Gov. John Carney began his Tuesday, Nov. 24, press briefing with uplifting news — he, and other governors, had met with President-Elect Joe Biden for “a very positive meeting,” and the first of the coronavirus vaccines should arrive in Delaware in early December.
“We’re kind of unified in our message,” Carney said, referring to Biden.
“What we needed in the federal government was leadership, and setting the example from the federal government and the leadership of that office,” he said, adding that Biden had discussed upcoming vaccines with the governors during the call.
Three vaccines are nearing final approval “and coming down the home stretch,” he said.
“There is light at the end of the tunnel. The cavalry is coming with a vaccine,” he said, repeating, as he has for months, the importance of people continuing to wear face masks and keeping safe distances from others.
Dr. Karyl Rattay, director of the Delaware Division of Public Health, said there are some expected side effects from the vaccines, including sore arms, fever, nausea or body aches.
Vaccines could arrive in Delaware between Dec. 11 and 14, she said, and be more widely available by March. They will most likely be administered in pharmacies, as well as by doctors. The State will also have vaccination clinics, Rattay said.
“It’s going to be a small amount to start with that will be coming to Delaware. There are a couple committees that have been, for months, looking at the best way to maximize the benefits and minimize any harm from these vaccines and prioritize who gets it first,” she said.
First to receive vaccines will be frontline healthcare workers in close contact with those who have the coronavirus, including doctors, nurses and emergency service providers.
“We need to be ready to hit the ground running. It is going to take months to get it out to significant portions of the population,” the governor said.
“It’s really easy to slip a little bit, to not wear a mask when you’re having a Thanksgiving celebration,” he cautioned. “We’re advising pushing off those celebrations. … That’s the best way to prevent the spread, instead of bringing in cousins and young people who are coming home from college. For me, it’s a way to protect my 89-year-old mother,” Carney said.
Rattay advised the public against taking residents of long-term care facilities home with them for the holiday.
Although Delaware residents are ideally not supposed to be traveling out of the state, they might travel within the state to visit family and friends, Carney said, and must be careful if they do.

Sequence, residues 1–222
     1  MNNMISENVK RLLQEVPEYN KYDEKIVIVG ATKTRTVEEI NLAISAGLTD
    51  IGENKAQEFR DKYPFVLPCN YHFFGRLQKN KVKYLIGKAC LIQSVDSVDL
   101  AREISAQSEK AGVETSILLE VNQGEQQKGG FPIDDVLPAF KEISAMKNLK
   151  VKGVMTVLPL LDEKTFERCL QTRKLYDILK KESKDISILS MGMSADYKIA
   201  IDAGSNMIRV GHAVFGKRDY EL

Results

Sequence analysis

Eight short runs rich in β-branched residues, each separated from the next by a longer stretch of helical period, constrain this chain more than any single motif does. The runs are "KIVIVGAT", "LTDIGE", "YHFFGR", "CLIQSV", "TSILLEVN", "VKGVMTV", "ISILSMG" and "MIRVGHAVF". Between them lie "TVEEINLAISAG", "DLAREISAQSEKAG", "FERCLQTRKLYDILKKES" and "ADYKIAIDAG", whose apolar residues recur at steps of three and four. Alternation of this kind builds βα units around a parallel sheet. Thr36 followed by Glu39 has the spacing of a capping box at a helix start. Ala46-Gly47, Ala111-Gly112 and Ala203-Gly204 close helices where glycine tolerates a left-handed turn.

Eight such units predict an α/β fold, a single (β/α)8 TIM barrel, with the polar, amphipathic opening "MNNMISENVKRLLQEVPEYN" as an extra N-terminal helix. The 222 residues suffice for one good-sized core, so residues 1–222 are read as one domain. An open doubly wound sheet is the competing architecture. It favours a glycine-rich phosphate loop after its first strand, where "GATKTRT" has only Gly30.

“We don’t want to close down our restaurants and bars,” he said.
He acknowledged that tighter restrictions are already in place, but said he has heard Pennsylvania “will be shutting down,” causing concern those residents will travel out of state, looking for places to socialize.
“Don’t come to Delaware. That is our message: Don’t come to Delaware,” he said.
Asked if he will implement additional tighter restrictions, Carney said they had been considered but there was concern about pushing those who would normally go to bars or restaurants into private homes, where they would be less likely to wear masks. There was also worry about hurting businesses.
“We’ll take a look at that and see what works. Make sure you are careful so you don’t force our hand to have tighter restrictions,” Carney said.
Asked why there is no stay-at-home order in the midst of increased cases, Carney said a complete shutdown has significant economic impact.
“It’s an exercise in trying to strike the right balance,” he said, adding that the State will continue to lobby for a second round of stimulus checks.
Rattay said 52 Delaware residents have died from the coronavirus in the past month — a statistic she called “sobering.”
Although some compare the virus to the flu, she said 757 Delaware residents died since the pandemic began, adding that the number will increase. Deaths from flu in a typical year are far fewer.
“The impact is tragic to so many in our state,” she said.
The entire state is now an area of concern, and not just certain ZIP codes, as had been the case previously. There had been a 40 percent jump in cases in New Castle County in the past week, as well as more illness in Bear, Middletown, Delmar, Milford, Lincoln and Ellendale.
“The spread is throughout the state. There is no state where we can say we are not concerned,” Rattay said.
Concerning young adults coming home from college for the holiday, Rattay said testing “isn’t a hall pass to do whatever you want to.”
“Even though you tested negative on a particular day, continue to act as though you might be positive, and it is really important to wear face mask. As much as you might want to give Grandma or Grandpa a hug, now is not the time. Please be as careful as you possibly can, and consider getting tested again about five days after your arrival home,” she said.
A.J. Schall, director of the Delaware Emergency Management Agency, said the National Guard is helping get Delaware residents tested. Last week, the State worked with three universities to be sure there was testing on campus, although, he said, “that test was just a snapshot in time” and only good for that day.
Asked about the likelihood of there being indoor sports in coming months, Rattay said athletes who play outdoor sports have worn masks without complaint, but indoor sports — especially wrestling and basketball — require close contact. She said experts are trying to figure out how to mitigate the risks.